River Eden

The River Eden Sub-catchment

River Eden © Chloe SadlerThe River Eden is a tributary of the River Medway which flows eastwards from its source in Surrey, through the Wealden Clay, to its confluence with the Medway near Penshurst in Kent. 

There are eight Water Framework Directive (WFD) waterbodies that make up the River Eden catchment. Its main tributaries are the Gibbs, Ray and Eden Brooks. All eight waterbodies are at moderate status or below. Much of the catchment’s 226 km2 is rural, dominated by pasture, with small conurbations at Godstone, Lingfield and Edenbridge.

Historic sites include Hever Castle near Edenbridge, a popular tourist attraction which was the family home of Anne Boleyn, Henry VIII’s second wife. The catchment within Kent is valued for its varied habitats, including wet meadows and woodlands, and is a designated Local Wildlife Site. Kent Wildlife Trust champion these areas and coordinate habitat improvements by local volunteer groups.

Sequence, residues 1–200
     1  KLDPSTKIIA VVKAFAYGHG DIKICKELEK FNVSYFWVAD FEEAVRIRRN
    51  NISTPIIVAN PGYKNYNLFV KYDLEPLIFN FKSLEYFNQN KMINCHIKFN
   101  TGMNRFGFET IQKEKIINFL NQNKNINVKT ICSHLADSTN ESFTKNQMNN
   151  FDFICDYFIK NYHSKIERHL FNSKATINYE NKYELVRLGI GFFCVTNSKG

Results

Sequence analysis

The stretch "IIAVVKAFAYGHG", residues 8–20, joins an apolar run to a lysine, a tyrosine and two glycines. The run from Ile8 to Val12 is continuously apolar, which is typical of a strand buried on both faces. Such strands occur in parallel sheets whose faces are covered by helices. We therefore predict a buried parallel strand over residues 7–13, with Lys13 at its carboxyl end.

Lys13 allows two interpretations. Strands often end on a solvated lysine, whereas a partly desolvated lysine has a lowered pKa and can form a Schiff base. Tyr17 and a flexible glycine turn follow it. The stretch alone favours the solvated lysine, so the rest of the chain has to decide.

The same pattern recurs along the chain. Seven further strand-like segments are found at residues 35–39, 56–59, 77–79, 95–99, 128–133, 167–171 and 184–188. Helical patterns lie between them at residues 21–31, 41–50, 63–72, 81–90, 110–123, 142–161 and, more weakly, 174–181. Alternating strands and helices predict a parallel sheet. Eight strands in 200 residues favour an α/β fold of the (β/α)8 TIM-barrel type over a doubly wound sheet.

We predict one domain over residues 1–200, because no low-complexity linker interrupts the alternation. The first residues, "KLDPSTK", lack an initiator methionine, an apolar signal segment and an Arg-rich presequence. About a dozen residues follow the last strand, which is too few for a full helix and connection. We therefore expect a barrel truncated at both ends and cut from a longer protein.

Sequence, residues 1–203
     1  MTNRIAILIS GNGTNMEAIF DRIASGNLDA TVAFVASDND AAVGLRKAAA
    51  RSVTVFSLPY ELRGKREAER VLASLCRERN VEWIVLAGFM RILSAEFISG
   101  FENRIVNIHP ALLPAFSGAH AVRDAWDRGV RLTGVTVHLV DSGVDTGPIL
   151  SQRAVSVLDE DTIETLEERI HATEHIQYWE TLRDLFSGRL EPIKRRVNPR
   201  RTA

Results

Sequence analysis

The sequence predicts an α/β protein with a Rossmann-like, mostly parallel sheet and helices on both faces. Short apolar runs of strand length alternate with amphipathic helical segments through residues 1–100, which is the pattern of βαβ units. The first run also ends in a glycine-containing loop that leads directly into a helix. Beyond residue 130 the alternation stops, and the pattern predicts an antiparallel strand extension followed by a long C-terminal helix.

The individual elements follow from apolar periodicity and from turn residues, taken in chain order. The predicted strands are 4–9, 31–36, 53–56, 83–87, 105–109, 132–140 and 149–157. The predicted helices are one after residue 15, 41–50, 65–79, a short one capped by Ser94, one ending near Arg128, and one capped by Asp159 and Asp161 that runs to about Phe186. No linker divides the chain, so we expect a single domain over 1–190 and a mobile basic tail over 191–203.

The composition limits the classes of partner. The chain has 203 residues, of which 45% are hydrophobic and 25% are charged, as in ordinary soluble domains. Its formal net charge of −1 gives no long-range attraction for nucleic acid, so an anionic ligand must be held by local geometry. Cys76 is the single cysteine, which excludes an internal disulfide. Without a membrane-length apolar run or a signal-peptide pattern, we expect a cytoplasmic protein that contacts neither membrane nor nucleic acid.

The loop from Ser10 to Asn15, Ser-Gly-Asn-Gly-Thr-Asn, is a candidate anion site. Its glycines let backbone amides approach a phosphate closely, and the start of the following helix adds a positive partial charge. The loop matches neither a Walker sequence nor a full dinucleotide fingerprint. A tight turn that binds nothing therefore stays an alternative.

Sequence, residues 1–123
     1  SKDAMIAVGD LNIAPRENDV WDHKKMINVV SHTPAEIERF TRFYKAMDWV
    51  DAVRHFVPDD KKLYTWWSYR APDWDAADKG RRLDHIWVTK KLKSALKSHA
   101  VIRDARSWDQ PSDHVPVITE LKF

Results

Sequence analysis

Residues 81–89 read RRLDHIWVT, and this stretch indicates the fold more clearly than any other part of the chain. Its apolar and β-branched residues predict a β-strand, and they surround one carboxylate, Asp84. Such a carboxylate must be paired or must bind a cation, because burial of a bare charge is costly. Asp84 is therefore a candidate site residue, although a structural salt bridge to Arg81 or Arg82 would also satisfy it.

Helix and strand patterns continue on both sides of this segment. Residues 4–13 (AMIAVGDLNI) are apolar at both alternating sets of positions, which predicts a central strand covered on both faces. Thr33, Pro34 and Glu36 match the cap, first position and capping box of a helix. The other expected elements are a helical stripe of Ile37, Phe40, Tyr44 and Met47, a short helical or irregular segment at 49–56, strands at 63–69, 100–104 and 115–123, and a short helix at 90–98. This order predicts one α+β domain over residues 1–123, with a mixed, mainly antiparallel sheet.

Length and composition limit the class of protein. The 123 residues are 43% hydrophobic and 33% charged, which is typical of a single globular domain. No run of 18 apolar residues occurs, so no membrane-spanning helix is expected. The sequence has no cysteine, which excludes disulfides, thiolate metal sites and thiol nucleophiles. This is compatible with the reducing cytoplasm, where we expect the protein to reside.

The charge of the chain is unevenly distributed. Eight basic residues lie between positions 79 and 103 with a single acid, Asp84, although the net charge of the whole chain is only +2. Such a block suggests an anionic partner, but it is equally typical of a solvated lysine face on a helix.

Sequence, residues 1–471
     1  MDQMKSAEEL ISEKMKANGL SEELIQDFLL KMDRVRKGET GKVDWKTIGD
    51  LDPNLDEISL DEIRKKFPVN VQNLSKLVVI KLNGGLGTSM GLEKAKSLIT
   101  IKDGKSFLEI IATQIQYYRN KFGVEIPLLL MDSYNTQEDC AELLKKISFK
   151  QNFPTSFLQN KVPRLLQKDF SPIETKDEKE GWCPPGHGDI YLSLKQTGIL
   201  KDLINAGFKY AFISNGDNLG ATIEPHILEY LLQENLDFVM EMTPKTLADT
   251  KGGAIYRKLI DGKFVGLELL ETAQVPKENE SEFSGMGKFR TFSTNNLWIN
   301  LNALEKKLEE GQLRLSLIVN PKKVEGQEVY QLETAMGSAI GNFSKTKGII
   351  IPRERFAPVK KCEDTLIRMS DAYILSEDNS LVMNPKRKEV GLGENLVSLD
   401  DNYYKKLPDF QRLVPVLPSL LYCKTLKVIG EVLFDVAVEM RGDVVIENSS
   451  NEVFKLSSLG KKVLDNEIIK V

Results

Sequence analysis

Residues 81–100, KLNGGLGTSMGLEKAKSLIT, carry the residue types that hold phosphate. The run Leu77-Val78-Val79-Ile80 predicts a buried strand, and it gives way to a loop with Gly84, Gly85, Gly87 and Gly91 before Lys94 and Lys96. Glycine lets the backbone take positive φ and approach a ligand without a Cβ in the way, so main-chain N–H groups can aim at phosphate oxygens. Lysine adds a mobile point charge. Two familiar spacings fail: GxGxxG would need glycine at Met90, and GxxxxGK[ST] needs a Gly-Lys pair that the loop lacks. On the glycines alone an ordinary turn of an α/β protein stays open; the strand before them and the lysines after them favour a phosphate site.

The geology of the catchment is dominated by Wealden Clay with an outcropping of Lower Greensand across the north of the catchment. The impermeable nature of the principal geology contributes to flood risk, particularly at Edenbridge where several of the tributaries converge.

Angling is a popular recreational activity on many stretches of the Eden and elsewhere in the Medway catchment.

River Eden in flood © Paul Mathews

River Eden in flood © Paul Mathews
River Eden in flood © Paul Mathews